One of Louie’s hallmark traits has been the way it confounds expectations, experimenting with form and content with nearly every episode. I say “nearly every,” though, because that’s not always the case, as with “Daddy’s Girlfriend Part 1,” in which the surprise is, for the most part, the lack of surprises.
Spurred on by his daughters, Louis has become fixated on getting a girlfriend. After watching Maria Bamford’s stand-up act, he asks her out, and we cut to them laying in bed post-coital and fairly content. He ruins this, though, by asking her to have dinner with his daughters, and she’s not only disappointed in this idea, she seems fairly disgusted by it… which makes a fair amount of sense, given that he doesn’t seem particularly interested in a relationship, it’s more that he just wants to show his daughters that he’s not a failure. Her role here would just be as a female to give him validation, and she made a smart decision.
This point is underlined when afterwards he’s attracted to every woman he sees, including all the teachers at his daughter’s school. He doesn’t do anything about it, though, until seeing a woman in a small bookstore, who recommends books for his daughters. After a couple of visits, he gets his nerves up to ask her out, and following a lengthy monologue by Louis, she accepts.
“Daddy’s Girlfriend Part 1” is charming and funny, and the fantasy sequences are clever, but it can’t help but feel slight. Admittedly, it’s only the first part of the plotline, but as far as a stand-alone episode goes, that really doesn’t help it, since there’s no cliffhanger or built-up anticipation. The stakes felt so low that there was little to really grasp onto. It’s not like this is the first time we’ve seen Louis on a date before, either; in fact that’s how this season began. Were this episode to be in the first season, it would at least make some sense, but given its role here it’s hard not to just shrug. Yes, it’s difficult for adults to meet new partners, but it’s also a story that’s been told countless times elsewhere.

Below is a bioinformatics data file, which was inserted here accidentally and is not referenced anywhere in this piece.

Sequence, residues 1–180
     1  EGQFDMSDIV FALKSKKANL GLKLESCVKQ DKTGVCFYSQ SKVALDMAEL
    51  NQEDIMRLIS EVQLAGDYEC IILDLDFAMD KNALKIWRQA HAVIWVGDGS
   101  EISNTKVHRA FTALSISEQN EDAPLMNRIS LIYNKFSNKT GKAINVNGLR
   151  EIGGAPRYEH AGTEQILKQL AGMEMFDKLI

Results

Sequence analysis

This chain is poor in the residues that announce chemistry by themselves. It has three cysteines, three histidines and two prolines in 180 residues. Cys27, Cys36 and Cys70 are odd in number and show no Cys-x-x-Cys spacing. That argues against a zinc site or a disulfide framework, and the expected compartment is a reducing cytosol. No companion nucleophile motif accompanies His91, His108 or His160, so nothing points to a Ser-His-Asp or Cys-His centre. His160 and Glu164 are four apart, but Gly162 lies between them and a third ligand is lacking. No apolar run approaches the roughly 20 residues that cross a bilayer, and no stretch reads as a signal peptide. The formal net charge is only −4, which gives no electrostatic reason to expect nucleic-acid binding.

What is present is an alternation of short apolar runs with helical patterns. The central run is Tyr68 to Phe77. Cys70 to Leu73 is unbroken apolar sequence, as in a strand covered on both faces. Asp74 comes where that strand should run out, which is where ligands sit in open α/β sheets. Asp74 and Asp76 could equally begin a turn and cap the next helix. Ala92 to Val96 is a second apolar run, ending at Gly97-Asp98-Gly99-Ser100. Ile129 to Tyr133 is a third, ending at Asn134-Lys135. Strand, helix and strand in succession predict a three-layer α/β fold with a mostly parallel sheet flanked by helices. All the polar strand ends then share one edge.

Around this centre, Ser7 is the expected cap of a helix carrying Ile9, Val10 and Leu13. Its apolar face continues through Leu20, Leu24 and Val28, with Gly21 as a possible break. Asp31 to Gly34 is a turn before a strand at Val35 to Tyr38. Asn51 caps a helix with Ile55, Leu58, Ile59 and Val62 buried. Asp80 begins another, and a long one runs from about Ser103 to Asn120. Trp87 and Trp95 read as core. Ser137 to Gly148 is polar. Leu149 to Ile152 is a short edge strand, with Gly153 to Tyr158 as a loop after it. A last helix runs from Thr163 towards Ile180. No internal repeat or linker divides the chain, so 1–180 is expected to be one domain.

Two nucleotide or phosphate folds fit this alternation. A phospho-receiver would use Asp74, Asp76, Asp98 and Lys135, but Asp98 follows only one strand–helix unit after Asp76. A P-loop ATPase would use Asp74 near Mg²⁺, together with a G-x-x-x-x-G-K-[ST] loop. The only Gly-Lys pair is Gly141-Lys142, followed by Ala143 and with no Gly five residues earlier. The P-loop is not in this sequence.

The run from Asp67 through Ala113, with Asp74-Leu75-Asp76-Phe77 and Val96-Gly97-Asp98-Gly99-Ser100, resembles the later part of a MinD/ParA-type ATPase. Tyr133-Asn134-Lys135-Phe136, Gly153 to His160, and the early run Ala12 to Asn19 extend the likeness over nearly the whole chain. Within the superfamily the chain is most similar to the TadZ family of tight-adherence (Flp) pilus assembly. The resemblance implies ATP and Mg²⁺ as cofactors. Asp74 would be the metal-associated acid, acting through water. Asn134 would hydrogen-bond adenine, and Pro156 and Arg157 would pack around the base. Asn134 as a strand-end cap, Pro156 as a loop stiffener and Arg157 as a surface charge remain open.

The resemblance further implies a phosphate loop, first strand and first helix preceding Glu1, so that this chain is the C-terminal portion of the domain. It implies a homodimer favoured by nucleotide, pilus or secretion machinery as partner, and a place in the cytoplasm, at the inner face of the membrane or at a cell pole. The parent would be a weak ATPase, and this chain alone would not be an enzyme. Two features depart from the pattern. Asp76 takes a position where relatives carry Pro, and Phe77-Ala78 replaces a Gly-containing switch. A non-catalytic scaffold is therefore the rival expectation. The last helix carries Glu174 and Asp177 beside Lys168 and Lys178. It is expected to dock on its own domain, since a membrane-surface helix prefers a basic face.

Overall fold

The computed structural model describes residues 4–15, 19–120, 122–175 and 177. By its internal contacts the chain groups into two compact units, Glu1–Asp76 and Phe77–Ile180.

Louie doesn’t need a riveting plot to work well, and actually the show’s storylines are frequently the weakest parts of the show. The problem here, though, is that Louis’ internal life, the fantasy sequences we see, aren’t deep or particularly clever jokes. They’re good enough, but the show feels capable of so much more. Since it’s an episode based around a story rather than a theme, this keeps the episode from ever really getting off the ground. “Daddy’s Girlfriend Part 1” is pleasant, well-directed and competently acted, but that’s fairly damning praise for a show that can frequently be counted on for doing something truly new and great.